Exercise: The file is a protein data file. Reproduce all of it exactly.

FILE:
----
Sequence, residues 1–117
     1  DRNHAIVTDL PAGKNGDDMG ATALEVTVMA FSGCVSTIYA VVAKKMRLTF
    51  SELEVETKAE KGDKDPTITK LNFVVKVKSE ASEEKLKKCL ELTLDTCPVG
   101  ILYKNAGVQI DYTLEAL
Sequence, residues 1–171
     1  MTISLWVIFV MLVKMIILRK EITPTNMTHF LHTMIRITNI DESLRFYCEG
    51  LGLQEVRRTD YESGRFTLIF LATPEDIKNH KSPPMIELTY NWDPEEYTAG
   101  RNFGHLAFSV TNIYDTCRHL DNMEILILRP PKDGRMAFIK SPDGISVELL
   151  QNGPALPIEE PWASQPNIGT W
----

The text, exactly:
Sequence, residues 1–117
     1  DRNHAIVTDL PAGKNGDDMG ATALEVTVMA FSGCVSTIYA VVAKKMRLTF
    51  SELEVETKAE KGDKDPTITK LNFVVKVKSE ASEEKLKKCL ELTLDTCPVG
   101  ILYKNAGVQI DYTLEAL
Sequence, residues 1–171
     1  MTISLWVIFV MLVKMIILRK EITPTNMTHF LHTMIRITNI DESLRFYCEG
    51  LGLQEVRRTD YESGRFTLIF LATPEDIKNH KSPPMIELTY NWDPEEYTAG
   101  RNFGHLAFSV TNIYDTCRHL DNMEILILRP PKDGRMAFIK SPDGISVELL
   151  QNGPALPIEE PWASQPNIGT W